This post may contain affiliate links. Please see my affiliate disclosure for more information.
This iconic New Orleans Sandwich is easy to recreate so you can enjoy a taste of the Big Easy at home.
What’s a dream vacation for you? Toes in the sand? A book a day poolside? Museums and art exhibits? Well, no big surprises here, but my perfect vacation has the holy trinity…food, drink and music. And I just got back from my mecca, New Orleans.
This wasn’t my first time in New Orleans, but it was the first with my kids. Admittedly, at first I was doubtful that we could pull off a G-Rated PG-13 vacation in the Big Easy, but it turns out it was more than doable. Not only did we eat our faces off (more on that to come), but we were literally busy morning, noon and night.
When we arrived we dropped our bags (okay, okay I neatly unpacked all of us), changed into shorts and ventured into the French Quarter. As luck would have it our spring break coincided with the French Quarter Festival. A stage was erected in Jackson Square and others throughout the quarter and local bands belted out everything from the blues to jazz to zydeco. Stands were set up selling local bites and we were immediately immersed in everything I love about New Orleans…delicious excess.
Over the course of the week we walked all over the French Quarter, the Garden District and Frenchman Street. We hopped on a streetcar, hit the swamps, toured the World War II Museum, and browsed the markets. We toured the cemeteries (even one for pets), walked through a very creepy haunted house and even wrangled a preview to a haunted museum not yet open to the public.
And we ate. And we ate. And then we ate some more.
We had plates of powdered sugar doused-beignets and big cups of café au lait at Café du Monde, shrimp and grits and Bloody Marys at Muriel’s jazz brunch and giant biscuit sandwiches at Mother’s. Our favorite meal was eating just about everything on the menu (and I’m not even kidding) and just about every part of the pig at Cochon. We loved it so much, that we actually went back for our final meal. Their mac n’ cheese was declared other-worldy by my son and now I’m tasked with trying to recreate it at home. Fingers crossed that I’ll even come close.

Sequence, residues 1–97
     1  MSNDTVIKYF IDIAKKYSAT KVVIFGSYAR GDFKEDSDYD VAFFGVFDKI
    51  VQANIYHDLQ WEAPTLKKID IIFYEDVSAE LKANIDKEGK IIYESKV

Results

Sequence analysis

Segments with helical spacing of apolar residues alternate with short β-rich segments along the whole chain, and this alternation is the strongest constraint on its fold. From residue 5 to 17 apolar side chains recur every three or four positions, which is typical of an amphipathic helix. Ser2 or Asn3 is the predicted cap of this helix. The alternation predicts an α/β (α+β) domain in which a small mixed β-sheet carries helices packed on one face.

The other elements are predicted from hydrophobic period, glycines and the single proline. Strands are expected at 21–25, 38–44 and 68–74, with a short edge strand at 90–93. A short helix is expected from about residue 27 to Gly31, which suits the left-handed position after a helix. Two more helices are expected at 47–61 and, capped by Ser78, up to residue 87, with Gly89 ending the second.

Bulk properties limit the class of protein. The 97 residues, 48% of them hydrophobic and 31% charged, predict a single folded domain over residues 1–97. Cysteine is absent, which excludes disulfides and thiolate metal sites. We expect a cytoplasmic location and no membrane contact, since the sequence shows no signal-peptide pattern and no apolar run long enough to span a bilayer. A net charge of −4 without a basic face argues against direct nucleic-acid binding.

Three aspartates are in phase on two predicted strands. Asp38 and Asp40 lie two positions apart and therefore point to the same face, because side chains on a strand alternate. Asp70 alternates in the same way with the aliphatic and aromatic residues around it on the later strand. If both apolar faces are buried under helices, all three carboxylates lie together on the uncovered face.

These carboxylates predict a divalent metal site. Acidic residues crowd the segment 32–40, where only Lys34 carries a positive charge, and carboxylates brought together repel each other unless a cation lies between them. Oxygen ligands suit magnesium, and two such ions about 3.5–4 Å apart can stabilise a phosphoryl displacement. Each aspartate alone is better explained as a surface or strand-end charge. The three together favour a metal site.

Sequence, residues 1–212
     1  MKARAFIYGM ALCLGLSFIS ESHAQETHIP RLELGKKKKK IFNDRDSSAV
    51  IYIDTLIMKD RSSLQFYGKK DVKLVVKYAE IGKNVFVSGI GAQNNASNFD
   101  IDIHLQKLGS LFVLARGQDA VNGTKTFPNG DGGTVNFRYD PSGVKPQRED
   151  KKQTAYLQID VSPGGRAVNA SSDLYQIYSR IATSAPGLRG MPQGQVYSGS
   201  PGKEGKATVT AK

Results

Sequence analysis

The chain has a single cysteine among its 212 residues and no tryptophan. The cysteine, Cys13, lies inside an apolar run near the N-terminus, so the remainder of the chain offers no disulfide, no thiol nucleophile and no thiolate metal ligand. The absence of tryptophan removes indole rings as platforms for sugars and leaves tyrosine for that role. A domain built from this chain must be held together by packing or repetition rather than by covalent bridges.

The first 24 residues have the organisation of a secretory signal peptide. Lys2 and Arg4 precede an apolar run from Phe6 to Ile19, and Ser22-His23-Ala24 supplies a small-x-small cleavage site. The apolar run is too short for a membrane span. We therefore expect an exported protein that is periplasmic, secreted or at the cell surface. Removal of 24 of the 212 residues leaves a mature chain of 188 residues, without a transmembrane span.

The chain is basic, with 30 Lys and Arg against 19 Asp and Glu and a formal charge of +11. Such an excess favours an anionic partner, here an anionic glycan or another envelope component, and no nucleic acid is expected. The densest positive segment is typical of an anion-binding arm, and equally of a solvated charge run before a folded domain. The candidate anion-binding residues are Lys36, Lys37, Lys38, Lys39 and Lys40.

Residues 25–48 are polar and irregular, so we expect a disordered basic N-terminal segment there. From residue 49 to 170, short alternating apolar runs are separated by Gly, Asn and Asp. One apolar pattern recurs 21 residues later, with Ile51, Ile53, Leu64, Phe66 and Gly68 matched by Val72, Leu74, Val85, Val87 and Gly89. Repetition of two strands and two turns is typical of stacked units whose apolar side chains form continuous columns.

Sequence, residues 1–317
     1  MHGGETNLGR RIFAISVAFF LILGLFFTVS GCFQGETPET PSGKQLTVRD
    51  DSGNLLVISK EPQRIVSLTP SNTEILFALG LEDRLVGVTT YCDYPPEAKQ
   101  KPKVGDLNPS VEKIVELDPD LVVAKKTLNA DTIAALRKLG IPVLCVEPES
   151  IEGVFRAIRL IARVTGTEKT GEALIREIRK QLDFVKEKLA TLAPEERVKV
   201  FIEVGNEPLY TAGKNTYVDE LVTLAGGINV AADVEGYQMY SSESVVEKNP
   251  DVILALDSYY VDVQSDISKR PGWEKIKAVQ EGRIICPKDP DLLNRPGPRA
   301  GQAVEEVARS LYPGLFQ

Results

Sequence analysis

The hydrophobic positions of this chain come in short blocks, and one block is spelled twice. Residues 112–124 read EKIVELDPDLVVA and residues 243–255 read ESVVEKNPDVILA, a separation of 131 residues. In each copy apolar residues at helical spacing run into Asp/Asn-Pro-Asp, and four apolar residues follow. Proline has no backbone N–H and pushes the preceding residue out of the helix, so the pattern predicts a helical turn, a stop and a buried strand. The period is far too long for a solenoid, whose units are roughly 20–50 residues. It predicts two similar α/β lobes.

My kids tried things that I never imagined they would consider….turtle bolongese, rabbit stew, crawfish, gumbo, and alligator bites. I came this close to getting my son to try fried chicken livers, but that is where he drew the line. There were Pimm’s Cups (for me) and pralines (for the kids). And of course no trip is complete without a muffuletta sandwich from the Central Grocery.
This iconic NOLA sandwich can be found on many menus throughout the city, but for me it’s Central Grocery (where it originated) or nowhere at all. This simple sandwich is rich in history as are so many things in New Orleans. Back in the early 1900’s, Sicilian farmers would eat a very traditional lunch of meats, cheese, bread and olives, but this wasn’t always the easiest meal to eat on a quick break. It eventually evolved into the muffuletta sandwich where those meats, cheese and olive salad are stuffed inside two halves of muffuletta bread…much simpler for lunch on the go.
Now up in Jersey we don’t have muffuletta bread <sigh> but never fear, because a rustic loaf of white or sesame bread will substitute just fine. You can also use a prepared olive spread but I’m really going to encourage you to make your own. You can dial up the pepperoncini, dial back the anchovy and add any mix of your favorite olives (I like a mix of kalamata, marinated Sicilian green olives and oil cured). The only real work in this recipe is to make the olive spread and once you have all of your ingredients lined up, you’ll be on to sandwich layering in minutes.
Spring break in New Orleans may now only exist in our memories (and my hips), but now we can enjoy a little bite of the Big Easy at home. Thanks NOLA for a great time…you never disappoint and I’m already dreaming of our next trip.
- 1 - 1 lb loaf white peasant bread or sesame bread
- 1/3 lb Genoa salami or soppresata
- 1/3 lb Italian-style cooked ham
- 1/3 lb provolone cheese
- Olive spread
- 3/4 cup mixed marinated pitted olives I like kalamata, green Sicilian and oil cured
- 1/3 cup chopped pepperoncini
- 1 Tbsp sliced sweet pimientos
- 1 Tbsp capers
- 1/2 tsp anchovy paste
- 1/2 tsp celery seed
- 1/2 tsp dried oregano
- 1/4 tsp sugar
- 1 Tbsp red wine vinegar
Olive spread: Combine all ingredients in a food processor and pulse to combine. Don't over process, you want this salad to be chunky, not smooth.
Alternatively, you can mince or chop all of the ingredients and stir well to combine.
Muffuletta Sandwich: Slice the bread in half and spoon the olive spread over the cut side of both halves.
On top of the olive spread on the bottom half, layer the salami, then the cheese, then the ham. Place the other half on top, olive side down. Cut into wedges and serve.